"Re-sounding the Orchestra", the research report commissioned by Orchestras Canada and co-authored by Soraya Peerbaye and myself has been officially released today.
The report is based on 16 months of research, including interviews and roundtables with more than 40 people…
I am a violinist and violist, an ethnomusicologist, and a music educator. It would be easier to say I was just one of those things; but that would be too easy for someone as curious about sound as I am.
I have been mesmerized by sound for as long as I can remember---by the inflections of language and the sounds of musical instruments. Whether I’m listening to sound or making it, I am captivated by the power of music to affect me emotionally and physiologically, and to inspire me creatively.
The violin is my creative centre. I have been enamoured with the instrument since I was about two years old, when I first saw one being played on television. By request, I received my first violin when I was three. I started playing it somewhere between speaking Punjabi and learning English, and as I no longer speak Punjabi, I think of the violin as my first language. It is my expressive language; my athletic field. While my brother slammed tennis balls with his hockey stick into a makeshift net in the basement of our Calgary home, I took the highs and lows of adolescence out on my violin, interpreting Mendelssohn Concerto a myriad of different ways to suit my mood.
The peculiar social circumstances of my childhood deeply influenced the way I understand music. Ours was the anomalous brown family living in a 'white' community, a peculiarity that probably no longer exists in contemporary Canada. My parents, who enjoyed hosting parties, accompanied the fusion meals they served their guests with the East Meets West fusion albums of the ‘70s. Not surprisingly, my creative happy place lies in crossing the lines between musical genre and artistic discipline. I especially love the challenge of working with non-Western rhythm (especially working with tabla, as featured on my three albums); and the challenge of being choreographed. Yes, I dance and play at the same time (and no, I’ve never dropped my violin while diving into a lunge, even if I want you to think I might)!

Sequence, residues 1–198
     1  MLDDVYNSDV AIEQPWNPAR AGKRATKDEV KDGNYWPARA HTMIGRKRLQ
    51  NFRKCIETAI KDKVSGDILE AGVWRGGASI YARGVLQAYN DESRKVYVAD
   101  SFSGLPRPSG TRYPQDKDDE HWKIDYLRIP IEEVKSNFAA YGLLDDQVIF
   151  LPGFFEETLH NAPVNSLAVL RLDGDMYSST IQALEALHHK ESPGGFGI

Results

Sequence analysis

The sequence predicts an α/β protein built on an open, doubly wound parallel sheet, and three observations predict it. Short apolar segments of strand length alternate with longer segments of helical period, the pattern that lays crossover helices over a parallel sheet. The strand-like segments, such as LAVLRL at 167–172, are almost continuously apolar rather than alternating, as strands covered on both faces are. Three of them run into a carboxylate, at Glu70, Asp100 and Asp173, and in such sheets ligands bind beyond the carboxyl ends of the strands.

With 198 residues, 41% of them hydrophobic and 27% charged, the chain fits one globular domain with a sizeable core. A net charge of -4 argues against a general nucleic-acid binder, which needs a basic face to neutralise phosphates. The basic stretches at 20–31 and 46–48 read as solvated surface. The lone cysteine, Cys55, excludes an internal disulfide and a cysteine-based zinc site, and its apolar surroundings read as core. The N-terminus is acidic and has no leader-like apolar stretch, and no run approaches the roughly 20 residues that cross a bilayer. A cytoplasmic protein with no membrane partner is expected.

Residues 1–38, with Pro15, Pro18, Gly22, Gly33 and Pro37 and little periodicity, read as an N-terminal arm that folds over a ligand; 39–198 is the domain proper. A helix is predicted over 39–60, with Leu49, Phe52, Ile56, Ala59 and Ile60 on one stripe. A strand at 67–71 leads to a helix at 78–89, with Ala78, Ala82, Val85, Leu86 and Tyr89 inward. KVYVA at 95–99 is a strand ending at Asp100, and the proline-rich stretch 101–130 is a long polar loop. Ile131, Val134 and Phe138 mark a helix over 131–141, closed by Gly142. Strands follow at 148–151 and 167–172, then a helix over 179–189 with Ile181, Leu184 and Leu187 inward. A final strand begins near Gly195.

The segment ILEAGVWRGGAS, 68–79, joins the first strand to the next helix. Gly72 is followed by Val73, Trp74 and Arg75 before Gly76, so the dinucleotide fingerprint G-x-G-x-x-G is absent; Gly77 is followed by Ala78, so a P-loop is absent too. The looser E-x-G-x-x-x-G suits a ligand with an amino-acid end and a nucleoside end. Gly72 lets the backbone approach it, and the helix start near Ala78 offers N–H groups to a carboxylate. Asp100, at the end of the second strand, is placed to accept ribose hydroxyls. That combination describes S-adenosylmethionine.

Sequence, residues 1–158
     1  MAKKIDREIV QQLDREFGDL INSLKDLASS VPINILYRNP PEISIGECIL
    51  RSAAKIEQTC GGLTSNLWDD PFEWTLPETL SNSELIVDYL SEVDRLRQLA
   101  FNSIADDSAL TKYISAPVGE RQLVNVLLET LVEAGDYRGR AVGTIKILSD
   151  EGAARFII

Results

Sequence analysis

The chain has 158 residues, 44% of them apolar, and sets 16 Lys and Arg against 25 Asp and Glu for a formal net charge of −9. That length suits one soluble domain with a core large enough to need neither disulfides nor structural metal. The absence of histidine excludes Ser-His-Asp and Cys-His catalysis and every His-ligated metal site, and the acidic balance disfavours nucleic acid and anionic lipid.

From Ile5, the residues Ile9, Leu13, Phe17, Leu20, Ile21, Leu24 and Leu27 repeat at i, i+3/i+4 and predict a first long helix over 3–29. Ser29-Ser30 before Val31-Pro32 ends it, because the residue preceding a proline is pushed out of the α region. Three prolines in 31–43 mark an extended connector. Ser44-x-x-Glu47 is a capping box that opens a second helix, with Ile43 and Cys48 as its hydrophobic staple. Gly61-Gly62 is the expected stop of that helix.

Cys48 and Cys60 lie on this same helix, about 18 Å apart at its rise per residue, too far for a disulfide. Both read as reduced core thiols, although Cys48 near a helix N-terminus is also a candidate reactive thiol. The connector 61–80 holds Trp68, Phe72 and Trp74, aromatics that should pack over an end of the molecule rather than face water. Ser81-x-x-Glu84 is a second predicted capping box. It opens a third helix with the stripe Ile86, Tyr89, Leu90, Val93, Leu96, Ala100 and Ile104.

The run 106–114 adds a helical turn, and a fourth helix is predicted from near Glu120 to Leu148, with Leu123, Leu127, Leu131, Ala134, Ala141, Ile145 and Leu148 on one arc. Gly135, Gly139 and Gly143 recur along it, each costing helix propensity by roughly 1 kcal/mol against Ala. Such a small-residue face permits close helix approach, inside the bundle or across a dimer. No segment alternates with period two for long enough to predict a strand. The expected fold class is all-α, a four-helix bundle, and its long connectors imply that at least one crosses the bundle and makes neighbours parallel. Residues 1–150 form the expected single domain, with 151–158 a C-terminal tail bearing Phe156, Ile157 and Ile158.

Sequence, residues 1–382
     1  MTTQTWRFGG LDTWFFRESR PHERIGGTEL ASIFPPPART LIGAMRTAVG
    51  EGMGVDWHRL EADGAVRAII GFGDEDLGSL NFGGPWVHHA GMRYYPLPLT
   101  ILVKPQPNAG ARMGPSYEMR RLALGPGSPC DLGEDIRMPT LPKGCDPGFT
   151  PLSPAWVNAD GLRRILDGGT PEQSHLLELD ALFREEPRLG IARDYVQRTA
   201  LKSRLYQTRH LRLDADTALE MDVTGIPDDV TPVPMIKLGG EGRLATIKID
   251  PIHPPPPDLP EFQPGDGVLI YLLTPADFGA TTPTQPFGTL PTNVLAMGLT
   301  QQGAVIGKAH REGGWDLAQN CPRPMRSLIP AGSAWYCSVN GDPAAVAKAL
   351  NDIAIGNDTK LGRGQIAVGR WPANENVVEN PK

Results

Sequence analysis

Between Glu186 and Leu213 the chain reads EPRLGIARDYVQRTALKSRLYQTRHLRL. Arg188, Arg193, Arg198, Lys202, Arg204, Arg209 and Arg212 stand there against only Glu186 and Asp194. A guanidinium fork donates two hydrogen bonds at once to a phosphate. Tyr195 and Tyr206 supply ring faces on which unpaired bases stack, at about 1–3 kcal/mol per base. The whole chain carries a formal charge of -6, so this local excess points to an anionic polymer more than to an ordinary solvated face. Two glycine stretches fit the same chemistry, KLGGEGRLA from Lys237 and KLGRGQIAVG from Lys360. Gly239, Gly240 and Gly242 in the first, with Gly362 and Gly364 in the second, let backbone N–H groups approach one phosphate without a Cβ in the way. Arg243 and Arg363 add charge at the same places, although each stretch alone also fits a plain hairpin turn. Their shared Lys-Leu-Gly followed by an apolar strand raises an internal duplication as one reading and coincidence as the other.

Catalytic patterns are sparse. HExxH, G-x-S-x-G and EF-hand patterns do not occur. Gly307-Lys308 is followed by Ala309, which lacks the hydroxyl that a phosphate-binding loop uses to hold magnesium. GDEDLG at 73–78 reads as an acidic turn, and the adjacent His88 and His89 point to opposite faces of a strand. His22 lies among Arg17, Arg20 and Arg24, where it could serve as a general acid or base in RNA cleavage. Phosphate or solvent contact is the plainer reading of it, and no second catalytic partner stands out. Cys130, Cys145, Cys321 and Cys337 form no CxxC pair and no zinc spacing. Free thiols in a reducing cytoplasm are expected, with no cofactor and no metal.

You can see more photos of my choreographic work here.
What's the first thing that comes to mind when you think of a sitar?
India? Something exotic? Meditation?
We don’t always think about how music holds subconscious meaning, especially sound without words. This intrigues me intellectually. Visit my Academics page and check out my blog posts (below) if you'd like to know about my research. My recent focus has been equity in Canadian music. I’ve also done research on the role of music in devotion, and the social responsibility of community music school teaching.
Speaking of teaching ...
I have taught music—violin, viola, fiddle, classical theory, and jazz theory for non-jazzers—for a very long time. I became my violin teacher’s assistant at the age of 17. I was a tad young then, but I've since acquired a good toolkit of teaching strategies and I love passing on what I know about music.
To learn more about my teaching, please visit my Teaching page.
As of June, 2019, my home base is Vancouver, British Columbia, the city that has been tugging at my heartstrings for as long as I can remember.
PS. Call me “Doc” if you want to, but be aware that mine is a humanities Ph.D. The realm of hospitals, emergency medicine, engineering, and aircraft belongs to the other Dr. Attariwalas in my family.
Or you could just call me Parmela (with an “r”).
Wondering how to pronounce my name?
It sounds like:
Pahr'mullah Atahr'ee wah la
or for the linguists:
Parmela Attariwala roundtable and workshop on "Collaborative and conciliatory music-making: Integrating process in orchestral players' skillset"
Part of Orchestras Canada National Conference 2020 "Orchestras for Tomorrow: The Work Starts Now", May 20-22. More details forthcoming: